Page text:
COLUMN: Alkaline is Where it's At: Part 2

Dr. Brenda Gill
By Dr. Brenda Gill
March 16th, 2016

          Measuring your  pH is simple.  Take any 4 days and test every urination after the first urination in the morning with a indicator paper (called pH paper), which show the pH values between 4.0-7.5. (These you can buy at your friendly compounding pharmacy or spa store).  If the value shows repeatedly below pH 7.0 (neutral),  or when it constantly registers around pH 5 — danger exists. You need to change to a high vegetable/fruit/whole grain diet and again test the pH for a day. This gives you an idea of how many vegetables and fruits you need to add to your typical diet for balance. This will keep you neutral or slightly alkaline most of the time, so, all the processes in your body are working well!

          Being physically active also reduces the acids in the body, so, incorporate at least 45 minutes of walking, running, skiing, biking, hiking or snow-shoeing, dancing a day and start absorbing that wonderful sunshine out there!  

          Following strenuous activity or after eating a large meal, larger quantities of acid are produced.  Since the kidneys work quite slowly, they are not able to eliminate the salts quickly enough.  As a result, the connective tissue has to function as as “pre-kidney” and stores these salts to reduce the burden on the kidneys.  If the build-up of acids becomes excessive, the connective tissue surrounding the cells and organs absorb and store acid released from the cells and organs and result in “sore muscles”.  During the night, these deposited salts are transported by the bloodstream to the kidneys for elimination. Therefore the urine is more concentrated and has its maximum acid concentration in the mornings.  When the collection of acids in the connective tissue is no longer adequate to protect the kidney and other organs, over-acidification occurs – called acidosis.  This over-activity of the excretory organs is characterized by acute or chronic inflammation. 


          When considering your diet, you need to establish the correct balance between foods rich in acids and those rich in bases.


  • All green leafy veggies –-kale, swiss chard, parsley, cilantro, arugula, collards, dark green lettuces). Start adding these to stir-fries, soups or stews.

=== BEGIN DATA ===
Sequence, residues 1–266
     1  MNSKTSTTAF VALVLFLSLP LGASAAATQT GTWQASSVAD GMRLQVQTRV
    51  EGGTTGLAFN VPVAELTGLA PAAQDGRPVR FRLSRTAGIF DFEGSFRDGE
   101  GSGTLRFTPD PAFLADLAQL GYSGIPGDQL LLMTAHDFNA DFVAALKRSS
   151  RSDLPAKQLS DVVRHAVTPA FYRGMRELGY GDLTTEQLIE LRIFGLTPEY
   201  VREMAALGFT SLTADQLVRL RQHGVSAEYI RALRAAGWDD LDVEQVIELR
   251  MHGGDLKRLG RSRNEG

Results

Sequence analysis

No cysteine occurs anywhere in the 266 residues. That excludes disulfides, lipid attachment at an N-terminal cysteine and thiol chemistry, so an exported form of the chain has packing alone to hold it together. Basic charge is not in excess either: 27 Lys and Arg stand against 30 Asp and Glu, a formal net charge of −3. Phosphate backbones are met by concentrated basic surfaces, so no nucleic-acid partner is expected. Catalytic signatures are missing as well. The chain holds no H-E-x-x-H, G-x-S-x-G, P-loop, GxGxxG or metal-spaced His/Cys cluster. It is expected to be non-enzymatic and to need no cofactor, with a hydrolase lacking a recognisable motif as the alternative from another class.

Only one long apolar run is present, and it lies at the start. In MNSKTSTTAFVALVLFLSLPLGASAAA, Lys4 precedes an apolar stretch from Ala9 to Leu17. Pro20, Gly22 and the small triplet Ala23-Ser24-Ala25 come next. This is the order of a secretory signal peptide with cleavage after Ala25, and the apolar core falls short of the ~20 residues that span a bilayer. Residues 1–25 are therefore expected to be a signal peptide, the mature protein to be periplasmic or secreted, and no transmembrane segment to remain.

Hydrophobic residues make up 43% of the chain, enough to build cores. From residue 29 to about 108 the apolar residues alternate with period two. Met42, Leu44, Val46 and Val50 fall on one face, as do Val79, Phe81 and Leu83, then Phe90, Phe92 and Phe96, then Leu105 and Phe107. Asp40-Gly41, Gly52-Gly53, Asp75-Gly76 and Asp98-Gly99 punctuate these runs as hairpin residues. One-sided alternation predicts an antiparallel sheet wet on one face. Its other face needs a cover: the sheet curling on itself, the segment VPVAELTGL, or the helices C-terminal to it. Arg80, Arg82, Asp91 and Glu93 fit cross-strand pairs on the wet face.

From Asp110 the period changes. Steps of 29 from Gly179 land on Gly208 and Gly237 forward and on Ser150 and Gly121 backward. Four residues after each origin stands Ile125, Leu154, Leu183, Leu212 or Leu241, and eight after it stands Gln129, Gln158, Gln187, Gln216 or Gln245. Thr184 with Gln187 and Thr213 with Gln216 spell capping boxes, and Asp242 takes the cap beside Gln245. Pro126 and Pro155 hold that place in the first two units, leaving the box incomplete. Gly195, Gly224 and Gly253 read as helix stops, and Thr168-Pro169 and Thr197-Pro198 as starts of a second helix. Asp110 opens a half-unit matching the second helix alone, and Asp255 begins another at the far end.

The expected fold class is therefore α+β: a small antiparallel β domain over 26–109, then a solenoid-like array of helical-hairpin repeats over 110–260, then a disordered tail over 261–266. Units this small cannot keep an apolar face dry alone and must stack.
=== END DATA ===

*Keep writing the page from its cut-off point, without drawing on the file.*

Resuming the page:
• Most vegetables — carrots, celery, beets, squash, yams, beans, peas, broccoli, cabbage, brussel sprouts, sprouts etc (except cauliflower). Eat these for lunch, in a salad or for a snack. 
  • Most fruits, especially the dark fleshed fruits such as cherries, berries, plums, prunes and to a lesser extent pears, apricots, peaches, figs, bananas, raisins, mangoes, papaya etc.  Add these to your breakfast cereal or yogurt.
  • Raw, unsalted seeds  — sunflower, sesame, pumpkin, flax, chia or hemp.  Eat at least 2 tbsp/day of these on cereal, salads or as a snack. 
  • Raw Almonds.  An excellent source of protein. 
  • Non-gluten grains — quinoa, millet, brown rice, buckwheat, amaranth and teff.  Cook these just like rice. 


  • Most Protein — pork, beef, bison, lamb, wild meat, fish, chicken, turkey, eggs and other nuts. The least acidic is wild fish like salmon, herring, sardines or organic chicken, turkey, lamb and wild meat, eggs and nuts.  
  • All dairy products, especially cow.  Try some of the delicious goat or sheep products like goat feta or gouda, sheep manchego (like romano), crotenese (like cheddar), pecorino (like parmesan) or Roquefort (like blue). 
  • Refined carbohydratesanything white-sugar, pasta, bread, crackers, flour, potatoes.  Use multi-grained products. 
  • Grains-wheat, barley, oats, rye, spelt, kamut.  Try the others like quinoa.
  • Citrus fruits- lemons, limes, oranges, grapefruit  (Note: There is a lot of mis-information about lemons/limes being alkalinizing—they’re not!)   Any other fruit is fine!
  • Tomatoes  (Grow the Russian purples, orange or yellow tomatoes that are low in acidity or even better yet red peppers!)
  • Stimulants —  coffee, decaff coffee, black/green/white/chai tea, herba mate, honeybush, rooibos.  Drink herbal teas such as Bengal spice, Rosaroma, Sleepytime, Peppermint, Spearmint, Egyptian licorice mint or any other your enjoy.  For instant hot drinks, there’s Bambu, Inka Dandelion blend or a brewed coffee substitute called Teeccino.  These are available at your local health food store or Ferraro’s.   
  • Alcohol — Keep it to 2-3 drinks per week
  • White, balsamic, apple cider vinegar (Use rice vinegar instead- it is very low acidity)


  • Water- Check the pH of your drinking/cooking water.  It should be between 7.0-7.3.  If your water is acidic, you need to use a solid carbon block filter to REMOVE the chlorine and other chemicals from the water.  Santevia  and  Rainfresh make good quality water filters. 

Therefore, the most important corrective steps for an over-acidified system are:

  1. Dietary changes
  2. Sufficient exercise
  3. Proper breathing
  4. Drink neutral or alkaline water

Next week, I’ll go through some other ways to help keep you alkaline! 

If you still would like to investigate this further, consider an individual assessment done about  your level of health, call Dr. Brenda Gill at 250-362-5035

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